He also wants Dads to remember that for every advertisement out there– imagine your daughter’s face on the model or actresses body.  Would you really want that to be YOUR daughter? Do you really want her receiving THESE messages? For example (thank you for this ugly gem,  Amy Jussel, Shaping Youth, of which I am an advisory board member)

[youtube=http://www.youtube.com/watch?v=eB2MDYzx5OY]

I know…yuck.

Remember, Dads, your daughter is looking to you to understand how she is viewed by 49% of the world.  What do you want her to see when she looks in the mirror? What do you want her to think when she is around boys—and later, men?  Talk to her about it.  Show her how you feel.

And for those of you who are telling your daughters that they are “too fat” or some other form of appearance criticism, please know that you are overtly contributing to the body image problems your daughter has now and your daughter will have in the future.  But to those Dads who are remaining silent, don’t think you are in the right.  By saying nothing at all, you are covertly contributing to the problem.  Yes, by saying nothing at all, you are letting the world speak for you.

Take a stance—then take a stand. Be the father she needs and deserves.

**Have a story about how your Dad or step Dad influenced your body image (negative or positive)? Please send me your story for the book (to be published in 2010 by Harlequin Books)!

Dr. Robyn Silverman signature

Dr. Robyn on the Radio talking about Body Image

Dr. Robyn SilvermanCraig Cohendr. pauline wallin 6-15-09 body image

Dr. Robyn Silverman, Dr. Pauline Wallin & host Craig Cohen on SmartTalk radio this AM talking about body image. Listen now!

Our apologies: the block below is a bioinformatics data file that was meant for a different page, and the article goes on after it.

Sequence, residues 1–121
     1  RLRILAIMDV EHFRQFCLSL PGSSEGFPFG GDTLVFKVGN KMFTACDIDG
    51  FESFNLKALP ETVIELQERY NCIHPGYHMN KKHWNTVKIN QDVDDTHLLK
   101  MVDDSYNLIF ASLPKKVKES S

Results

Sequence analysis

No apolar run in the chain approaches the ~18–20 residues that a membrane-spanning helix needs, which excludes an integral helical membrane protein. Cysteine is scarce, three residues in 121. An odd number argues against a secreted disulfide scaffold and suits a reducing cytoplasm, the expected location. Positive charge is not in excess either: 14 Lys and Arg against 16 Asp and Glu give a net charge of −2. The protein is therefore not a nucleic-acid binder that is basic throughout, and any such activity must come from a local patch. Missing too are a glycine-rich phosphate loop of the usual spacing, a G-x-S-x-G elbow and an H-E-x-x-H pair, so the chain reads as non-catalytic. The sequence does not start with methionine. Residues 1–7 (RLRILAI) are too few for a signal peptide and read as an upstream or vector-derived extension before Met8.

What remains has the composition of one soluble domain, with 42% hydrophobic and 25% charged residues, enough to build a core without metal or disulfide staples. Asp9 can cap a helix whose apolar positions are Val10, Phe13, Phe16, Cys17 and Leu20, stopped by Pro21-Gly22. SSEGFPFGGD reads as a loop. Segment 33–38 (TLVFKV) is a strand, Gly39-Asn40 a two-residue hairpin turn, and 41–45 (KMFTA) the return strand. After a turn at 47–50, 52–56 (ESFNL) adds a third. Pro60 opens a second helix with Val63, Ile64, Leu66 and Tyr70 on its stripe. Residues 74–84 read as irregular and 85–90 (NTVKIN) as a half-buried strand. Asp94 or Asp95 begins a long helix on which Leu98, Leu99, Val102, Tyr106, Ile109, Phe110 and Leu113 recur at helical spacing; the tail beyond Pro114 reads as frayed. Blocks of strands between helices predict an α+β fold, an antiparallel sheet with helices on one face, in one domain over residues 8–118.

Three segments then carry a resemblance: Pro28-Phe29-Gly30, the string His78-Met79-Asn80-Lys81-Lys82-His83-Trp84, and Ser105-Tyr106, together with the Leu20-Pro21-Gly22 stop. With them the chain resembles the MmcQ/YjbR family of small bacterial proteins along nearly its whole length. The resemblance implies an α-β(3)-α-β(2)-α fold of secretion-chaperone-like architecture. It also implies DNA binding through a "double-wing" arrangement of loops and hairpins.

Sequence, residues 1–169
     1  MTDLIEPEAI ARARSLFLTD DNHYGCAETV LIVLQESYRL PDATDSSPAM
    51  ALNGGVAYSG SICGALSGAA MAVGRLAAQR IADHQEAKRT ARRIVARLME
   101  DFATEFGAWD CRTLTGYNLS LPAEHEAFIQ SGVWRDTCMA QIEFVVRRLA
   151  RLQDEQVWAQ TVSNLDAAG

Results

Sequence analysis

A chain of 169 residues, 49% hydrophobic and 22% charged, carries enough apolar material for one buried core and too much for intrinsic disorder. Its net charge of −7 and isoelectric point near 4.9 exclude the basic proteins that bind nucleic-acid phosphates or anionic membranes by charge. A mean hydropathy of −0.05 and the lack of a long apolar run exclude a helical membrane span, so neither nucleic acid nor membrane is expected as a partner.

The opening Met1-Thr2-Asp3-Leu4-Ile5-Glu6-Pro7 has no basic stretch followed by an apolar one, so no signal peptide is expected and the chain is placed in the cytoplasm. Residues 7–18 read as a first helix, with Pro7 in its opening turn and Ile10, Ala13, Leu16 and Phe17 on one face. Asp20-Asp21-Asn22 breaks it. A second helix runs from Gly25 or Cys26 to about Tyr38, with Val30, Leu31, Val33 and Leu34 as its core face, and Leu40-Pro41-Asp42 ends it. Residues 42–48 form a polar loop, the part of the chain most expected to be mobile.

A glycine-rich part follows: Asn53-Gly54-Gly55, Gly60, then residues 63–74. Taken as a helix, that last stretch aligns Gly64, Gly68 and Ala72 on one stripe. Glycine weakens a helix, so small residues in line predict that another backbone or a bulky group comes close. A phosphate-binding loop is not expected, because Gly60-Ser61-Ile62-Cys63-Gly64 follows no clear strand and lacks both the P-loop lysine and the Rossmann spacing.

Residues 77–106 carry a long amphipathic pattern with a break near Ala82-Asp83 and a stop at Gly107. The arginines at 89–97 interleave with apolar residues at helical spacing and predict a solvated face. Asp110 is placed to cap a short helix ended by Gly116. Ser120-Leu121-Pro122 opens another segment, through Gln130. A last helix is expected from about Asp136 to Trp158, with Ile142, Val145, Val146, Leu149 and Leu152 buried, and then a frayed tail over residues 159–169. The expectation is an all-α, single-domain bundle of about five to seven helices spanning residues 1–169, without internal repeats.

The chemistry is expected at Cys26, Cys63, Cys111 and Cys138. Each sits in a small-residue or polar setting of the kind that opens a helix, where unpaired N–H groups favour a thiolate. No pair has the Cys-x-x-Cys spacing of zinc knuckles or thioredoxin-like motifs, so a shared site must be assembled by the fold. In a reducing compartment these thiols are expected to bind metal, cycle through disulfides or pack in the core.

This morning, I had the pleasure of being on WITF SmartTalk radio, a division of NPR, talking about body image. We discussed everything from the media’s influence, the parental influence, peer influence, and plastic surgery.

Some of the topics:

(1)   How early can issues of body image be seen in children? Studies over the last 40 years tell us that children as young as 3 or 4 (and certainly by kindergarten) already perceive the societal pressures to be thin.  Whether the children themselves are thin or what the medical world would call “overweight” when shown pictures of all different children they label the largest one as the child they wouldn’t want to look like at all, the one who has the fewest friends, the one who they’d least likely want to be friends with, the one who is the meanest—and I’ve had plenty of parents who’ve come to me and said that their 4 year old asked them if they were too fat, their 5 year old wants to know if they need to go on a diet, and other weight-oriented comments that would cause any parent alarm.

(2) How pervasive is this problem of negative body image? Let me first say that the issue is so pervasive that it is no longer a “clinical” issue—we have created a culture of girls who are obsessed with weight such that it is more normal to be on a diet than not—to feel bad about your body than not—to think about your weight than to not– There are many good studies on this topic and the statistics can be startling—

  1. Some studies tell us that up to 80% of girls are dissatisfied with their bodies and have a fear of being fat
  2. And over half are dieting at any given time
  3. Almost 2/3 of girls use “unhealthy weight control behaviors” (whether it’s laxatives or purging or diet pills or powders)  to lose weight
  4. Anywhere from half to ¾ of girls say they weigh too much whether the medical world would say they do or not
  5. The main thing to notice here is that feeling fat and going on a diet is becoming the norm—and dieting is more prevalent than not-dieting.